I have now watched Leaky Boat three times. With each viewing I find my respect for it growing and my belief that it gives as fair and balanced a reading of those events as anything in this form could be expected to give.
The documentary is not propaganda.
Propaganda is what we were subjected to at the time the film re-presents.
Elspeth Tilley, Massey University, Wellington.
Apply that point by point to the way the government conducted itself during those months in 2001 and it becomes clear that is what we were being fed. I was not at all surprised by the revelations of attempted thought control from the top in the Howard government. There were other instances – so many that they were almost a signature of the regime – that came my way just as a humble ESL teacher. Sometimes we think of this as “culture wars”, but I really think it was a determined effort to disable whole areas of discourse and argument in favour of those the government wanted. This is not a dead phenomenon either. Julia Gillard does it very badly compared with the Howard mob.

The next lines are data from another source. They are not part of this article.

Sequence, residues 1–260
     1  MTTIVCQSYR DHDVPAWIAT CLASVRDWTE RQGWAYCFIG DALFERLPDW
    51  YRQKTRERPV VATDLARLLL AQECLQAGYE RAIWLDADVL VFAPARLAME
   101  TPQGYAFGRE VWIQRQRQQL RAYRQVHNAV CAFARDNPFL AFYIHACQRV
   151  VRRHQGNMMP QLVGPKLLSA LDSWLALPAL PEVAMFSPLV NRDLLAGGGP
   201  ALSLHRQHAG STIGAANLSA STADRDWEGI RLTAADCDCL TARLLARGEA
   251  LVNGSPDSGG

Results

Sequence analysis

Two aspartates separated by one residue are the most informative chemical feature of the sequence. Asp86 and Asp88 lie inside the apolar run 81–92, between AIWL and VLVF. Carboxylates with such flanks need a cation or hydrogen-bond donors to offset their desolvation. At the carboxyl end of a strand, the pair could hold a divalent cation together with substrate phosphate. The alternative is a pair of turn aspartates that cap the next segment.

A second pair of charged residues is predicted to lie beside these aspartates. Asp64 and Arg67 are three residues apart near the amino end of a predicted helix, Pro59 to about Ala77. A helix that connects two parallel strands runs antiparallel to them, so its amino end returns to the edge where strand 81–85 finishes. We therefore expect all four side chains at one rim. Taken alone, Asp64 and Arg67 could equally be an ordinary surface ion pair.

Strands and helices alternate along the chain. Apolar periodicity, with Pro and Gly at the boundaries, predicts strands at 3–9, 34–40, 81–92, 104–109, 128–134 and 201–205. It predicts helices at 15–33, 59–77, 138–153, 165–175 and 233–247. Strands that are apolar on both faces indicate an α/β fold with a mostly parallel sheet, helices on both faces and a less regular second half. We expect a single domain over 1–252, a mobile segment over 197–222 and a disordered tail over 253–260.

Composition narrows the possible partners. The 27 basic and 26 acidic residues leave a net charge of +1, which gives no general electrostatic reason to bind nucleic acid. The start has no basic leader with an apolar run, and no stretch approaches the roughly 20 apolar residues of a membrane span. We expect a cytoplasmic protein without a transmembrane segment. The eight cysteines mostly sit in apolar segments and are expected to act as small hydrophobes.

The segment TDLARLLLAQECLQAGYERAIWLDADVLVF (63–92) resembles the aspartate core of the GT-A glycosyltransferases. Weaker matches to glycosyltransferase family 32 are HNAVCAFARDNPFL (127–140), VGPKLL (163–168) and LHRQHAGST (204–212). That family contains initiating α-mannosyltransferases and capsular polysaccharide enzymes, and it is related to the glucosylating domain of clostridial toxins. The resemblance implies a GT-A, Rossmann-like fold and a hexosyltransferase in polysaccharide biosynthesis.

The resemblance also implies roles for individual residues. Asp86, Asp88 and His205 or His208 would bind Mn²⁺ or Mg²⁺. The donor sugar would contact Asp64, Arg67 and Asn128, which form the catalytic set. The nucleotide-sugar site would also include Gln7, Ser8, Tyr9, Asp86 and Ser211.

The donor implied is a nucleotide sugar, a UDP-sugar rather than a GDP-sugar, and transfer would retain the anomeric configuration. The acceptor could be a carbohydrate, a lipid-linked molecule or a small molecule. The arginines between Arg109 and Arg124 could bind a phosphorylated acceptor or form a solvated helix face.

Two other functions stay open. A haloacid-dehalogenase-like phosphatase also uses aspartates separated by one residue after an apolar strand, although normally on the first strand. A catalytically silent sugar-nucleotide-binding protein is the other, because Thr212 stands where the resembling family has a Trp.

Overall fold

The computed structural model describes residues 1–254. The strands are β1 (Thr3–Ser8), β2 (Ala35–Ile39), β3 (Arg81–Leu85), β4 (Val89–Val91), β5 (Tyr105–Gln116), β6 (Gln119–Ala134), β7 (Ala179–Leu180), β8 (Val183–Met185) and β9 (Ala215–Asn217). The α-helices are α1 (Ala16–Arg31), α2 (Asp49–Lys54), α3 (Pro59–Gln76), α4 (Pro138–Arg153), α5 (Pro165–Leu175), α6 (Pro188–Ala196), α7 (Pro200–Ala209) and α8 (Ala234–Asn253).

The revelation was not entirely new, either, though rarely has it been so chilling as in the documentary. See from 2003:
The Defence Force public relations department ran a campaign to ‘ensure that we adequately and effectively communicate government messages’, journalists were not allowed to quiz military officers, any press enquiry had to be diverted to Minister Reith’s office where it was stonewalled, and the military were instructed not to produce any ‘personalising or humanising images’, i.e. photographs, of asylum seekers. Marr and Wilkinson write that neither Reith nor Howard seemed keen to get to the bottom of the children overboard issue which, although the story died down, made its ‘indelible mark’, seeming to establish for some members of the community damning proof of the ‘base instincts’ of these ‘illegals’ from which the Howard Government saw itself as saving Australia.
The information in this documentary is substantial and coherent. It is also very persuasive.